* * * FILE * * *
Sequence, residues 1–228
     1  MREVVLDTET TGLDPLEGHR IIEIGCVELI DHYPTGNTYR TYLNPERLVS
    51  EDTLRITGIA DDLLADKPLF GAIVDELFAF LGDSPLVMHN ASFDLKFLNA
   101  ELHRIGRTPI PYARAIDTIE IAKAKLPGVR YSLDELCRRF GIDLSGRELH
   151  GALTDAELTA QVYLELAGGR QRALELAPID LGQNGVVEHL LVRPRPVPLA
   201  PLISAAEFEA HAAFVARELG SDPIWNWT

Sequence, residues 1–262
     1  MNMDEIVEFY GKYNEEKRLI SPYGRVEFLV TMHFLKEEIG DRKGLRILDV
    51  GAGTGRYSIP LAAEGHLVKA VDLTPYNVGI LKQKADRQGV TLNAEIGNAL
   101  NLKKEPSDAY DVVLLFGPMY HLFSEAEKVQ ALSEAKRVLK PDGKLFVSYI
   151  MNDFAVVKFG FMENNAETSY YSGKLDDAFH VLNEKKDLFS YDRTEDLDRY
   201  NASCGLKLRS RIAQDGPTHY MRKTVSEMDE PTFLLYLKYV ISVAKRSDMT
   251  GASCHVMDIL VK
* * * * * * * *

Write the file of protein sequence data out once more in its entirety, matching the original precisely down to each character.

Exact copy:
Sequence, residues 1–228
     1  MREVVLDTET TGLDPLEGHR IIEIGCVELI DHYPTGNTYR TYLNPERLVS
    51  EDTLRITGIA DDLLADKPLF GAIVDELFAF LGDSPLVMHN ASFDLKFLNA
   101  ELHRIGRTPI PYARAIDTIE IAKAKLPGVR YSLDELCRRF GIDLSGRELH
   151  GALTDAELTA QVYLELAGGR QRALELAPID LGQNGVVEHL LVRPRPVPLA
   201  PLISAAEFEA HAAFVARELG SDPIWNWT

Sequence, residues 1–262
     1  MNMDEIVEFY GKYNEEKRLI SPYGRVEFLV TMHFLKEEIG DRKGLRILDV
    51  GAGTGRYSIP LAAEGHLVKA VDLTPYNVGI LKQKADRQGV TLNAEIGNAL
   101  NLKKEPSDAY DVVLLFGPMY HLFSEAEKVQ ALSEAKRVLK PDGKLFVSYI
   151  MNDFAVVKFG FMENNAETSY YSGKLDDAFH VLNEKKDLFS YDRTEDLDRY
   201  NASCGLKLRS RIAQDGPTHY MRKTVSEMDE PTFLLYLKYV ISVAKRSDMT
   251  GASCHVMDIL VK